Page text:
Thursday 21 June 2012
Early to Bed, Early to Rise.
Words to live by.
Unfortunately, it's not that simple anymore.
In fact, I wonder how many farmers have actually been able to follow that credo.
Perhaps in simpler and more civilized times, sleep was easy to catch.
But if you want to take control of your life and step beyond meaningless employment,
the day must carry some extra weight.
On May Day, which is the European labour day, I saw an old poster,
posted on Facebook in a few places.
It read, Eight hours for work, Eight hours for sleep, Eight hours for what we will.
I like that schedule and I think it's fair.
Many people propose that we don't need that much sleep, but I would prefer eight hours to seven or to nine.
( Not that I wouldn't do nine if I could.)
And I generally support unions for their work in trying to keep the common man from being led into slavery.
It is apparent that most of us will sacrifice either sleep or personal time for the sake of money,
whether out of greed or necessity.
And that allows unscrupulous employers to take advantage of a disadvantage.
The original purpose of a computer was to alleviate workloads, and allow people more time for home and family.
The opposite has happened, though I'm sure many saw that coming.
If you increase productivity,
then profitability goes up.
So why not keep raising productivity?
So it goes.
A farmer is a self-employed businessman.
His hours are determined by the farm and his obligations, and not a schedule on a calendar.
There is no union to step in to set standards.
But the responsibility is to personal goals, and not to the greedy aspirations of another.
There lies the real freedom.
The freedom of choice.
You must take into mind that slavery is not bondage to labour,
but the revocation of the ability to choose.
Self-determination is not all work and no play.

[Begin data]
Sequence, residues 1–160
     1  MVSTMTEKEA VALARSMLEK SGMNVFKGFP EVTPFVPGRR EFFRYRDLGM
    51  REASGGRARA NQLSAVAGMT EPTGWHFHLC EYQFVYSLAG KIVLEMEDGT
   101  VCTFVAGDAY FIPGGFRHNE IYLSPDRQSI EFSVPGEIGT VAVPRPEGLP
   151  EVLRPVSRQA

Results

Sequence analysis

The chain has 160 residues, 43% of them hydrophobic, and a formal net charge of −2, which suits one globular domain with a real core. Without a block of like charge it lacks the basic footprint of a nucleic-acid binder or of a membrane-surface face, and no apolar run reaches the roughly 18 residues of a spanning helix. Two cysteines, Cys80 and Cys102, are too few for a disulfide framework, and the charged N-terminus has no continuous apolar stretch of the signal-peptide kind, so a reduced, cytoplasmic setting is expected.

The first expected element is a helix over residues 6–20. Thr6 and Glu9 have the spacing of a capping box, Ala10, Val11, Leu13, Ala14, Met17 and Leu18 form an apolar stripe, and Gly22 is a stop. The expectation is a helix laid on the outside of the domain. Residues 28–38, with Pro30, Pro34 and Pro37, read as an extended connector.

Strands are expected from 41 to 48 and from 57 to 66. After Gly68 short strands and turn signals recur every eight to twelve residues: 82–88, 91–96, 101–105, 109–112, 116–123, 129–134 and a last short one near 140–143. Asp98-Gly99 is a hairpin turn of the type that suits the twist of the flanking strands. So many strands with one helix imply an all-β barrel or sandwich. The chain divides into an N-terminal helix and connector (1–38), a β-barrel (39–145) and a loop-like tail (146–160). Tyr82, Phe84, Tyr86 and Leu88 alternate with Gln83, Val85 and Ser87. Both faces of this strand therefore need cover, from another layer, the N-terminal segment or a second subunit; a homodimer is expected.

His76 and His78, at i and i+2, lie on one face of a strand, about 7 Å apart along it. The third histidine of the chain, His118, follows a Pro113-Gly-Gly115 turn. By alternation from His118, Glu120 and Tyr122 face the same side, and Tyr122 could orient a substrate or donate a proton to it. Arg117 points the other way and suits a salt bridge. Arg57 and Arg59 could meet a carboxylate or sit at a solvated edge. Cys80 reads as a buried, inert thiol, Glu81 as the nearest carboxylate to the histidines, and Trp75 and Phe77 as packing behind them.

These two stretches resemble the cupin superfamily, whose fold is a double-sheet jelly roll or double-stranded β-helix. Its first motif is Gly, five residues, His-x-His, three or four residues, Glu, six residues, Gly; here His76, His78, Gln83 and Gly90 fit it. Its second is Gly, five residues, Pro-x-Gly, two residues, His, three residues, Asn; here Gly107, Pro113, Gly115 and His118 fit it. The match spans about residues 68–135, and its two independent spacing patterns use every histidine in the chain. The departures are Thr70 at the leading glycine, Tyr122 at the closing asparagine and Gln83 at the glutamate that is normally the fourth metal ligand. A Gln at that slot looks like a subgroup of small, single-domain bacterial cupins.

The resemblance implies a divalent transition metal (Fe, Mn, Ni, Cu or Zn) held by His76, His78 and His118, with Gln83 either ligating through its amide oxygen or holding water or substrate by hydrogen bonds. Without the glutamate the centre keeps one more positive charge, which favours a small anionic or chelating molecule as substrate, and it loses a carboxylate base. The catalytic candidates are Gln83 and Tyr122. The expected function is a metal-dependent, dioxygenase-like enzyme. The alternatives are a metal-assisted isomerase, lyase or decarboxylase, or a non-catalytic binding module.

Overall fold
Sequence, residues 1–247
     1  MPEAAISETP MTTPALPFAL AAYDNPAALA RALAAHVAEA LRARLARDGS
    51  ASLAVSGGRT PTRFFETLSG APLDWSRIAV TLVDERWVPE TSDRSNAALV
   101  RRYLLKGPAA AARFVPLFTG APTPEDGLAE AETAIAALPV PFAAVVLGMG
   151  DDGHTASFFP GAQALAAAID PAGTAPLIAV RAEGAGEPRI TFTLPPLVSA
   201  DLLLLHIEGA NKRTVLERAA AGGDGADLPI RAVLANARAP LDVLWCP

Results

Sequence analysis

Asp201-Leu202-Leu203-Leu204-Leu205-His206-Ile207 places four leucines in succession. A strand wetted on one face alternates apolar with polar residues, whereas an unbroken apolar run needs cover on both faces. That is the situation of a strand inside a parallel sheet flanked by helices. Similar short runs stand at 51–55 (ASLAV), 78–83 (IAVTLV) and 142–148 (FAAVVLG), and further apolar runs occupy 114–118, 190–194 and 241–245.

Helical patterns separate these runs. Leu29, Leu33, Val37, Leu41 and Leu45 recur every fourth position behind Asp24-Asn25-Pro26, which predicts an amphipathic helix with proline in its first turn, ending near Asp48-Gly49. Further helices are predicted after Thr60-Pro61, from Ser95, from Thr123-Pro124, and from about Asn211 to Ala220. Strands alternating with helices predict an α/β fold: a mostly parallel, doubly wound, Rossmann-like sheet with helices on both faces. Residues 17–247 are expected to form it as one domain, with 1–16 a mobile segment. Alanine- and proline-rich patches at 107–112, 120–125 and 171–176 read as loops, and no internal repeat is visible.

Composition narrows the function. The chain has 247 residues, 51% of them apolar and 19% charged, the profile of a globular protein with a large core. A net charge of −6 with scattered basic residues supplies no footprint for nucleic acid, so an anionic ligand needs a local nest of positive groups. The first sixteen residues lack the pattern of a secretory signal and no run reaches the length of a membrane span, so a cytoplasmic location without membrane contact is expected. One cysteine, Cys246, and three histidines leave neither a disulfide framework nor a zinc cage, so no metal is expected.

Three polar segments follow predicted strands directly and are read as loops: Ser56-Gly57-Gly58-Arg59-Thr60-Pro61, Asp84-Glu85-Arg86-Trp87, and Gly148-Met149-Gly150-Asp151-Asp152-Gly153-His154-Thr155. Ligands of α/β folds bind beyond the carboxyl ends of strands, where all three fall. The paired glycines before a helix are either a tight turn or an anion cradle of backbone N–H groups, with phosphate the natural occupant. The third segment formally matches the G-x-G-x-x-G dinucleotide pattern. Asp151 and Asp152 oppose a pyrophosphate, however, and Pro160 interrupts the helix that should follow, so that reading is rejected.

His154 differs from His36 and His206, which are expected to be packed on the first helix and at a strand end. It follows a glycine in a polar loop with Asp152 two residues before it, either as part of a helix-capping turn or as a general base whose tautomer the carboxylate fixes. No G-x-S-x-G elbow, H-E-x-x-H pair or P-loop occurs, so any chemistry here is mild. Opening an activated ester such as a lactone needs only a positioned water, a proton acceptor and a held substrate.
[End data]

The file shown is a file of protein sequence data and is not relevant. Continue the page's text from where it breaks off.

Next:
It means that you may exercise your freedom of choice as you best see fit.
When the temperature outside is beyond hot,
you may choose to work in the shade.
When your family needs you,
you can be there for them.
When there are choices, you are able to make them,
without asking someone else first.
When your livelihood needs you however, there is no one who will take your place or fill-in.
That is the Faustian bargain.
The freedom to choose, in exchange for heart and soul.
The chicks are hatching tonight.
You'd think that they would start at nine and finish up by four-thirty.
Apparently, they haven't read the employment standards act.
I won't stay up all night long for them, but I should make sure that nobody stays in the incubator too long once they've hatched.
Chicks don't hatch every night, but there is always something going that pushes conventional wisdom beyond the 'early to bed' point; every night.
Many mornings start, bleary eyed, rifle in hand, trying to focus the crosshairs on whatever is upsetting the chickens; much too early.
The final key strokes to finish a blog post are often met with trouble in the yard,
or trouble in the house.
Yet I rejoice at being able to pick my son up at the bus stop at four o'clock
when most other parents are still at work.
I don't need to check the calendar to juggle my priorities;
my priorities juggle my calendar.
Tonight, the children are safe and sleeping.
But the chicks are hatching, and they need to be tended to.
And so I will.
With a glad heart;
for it is my choice.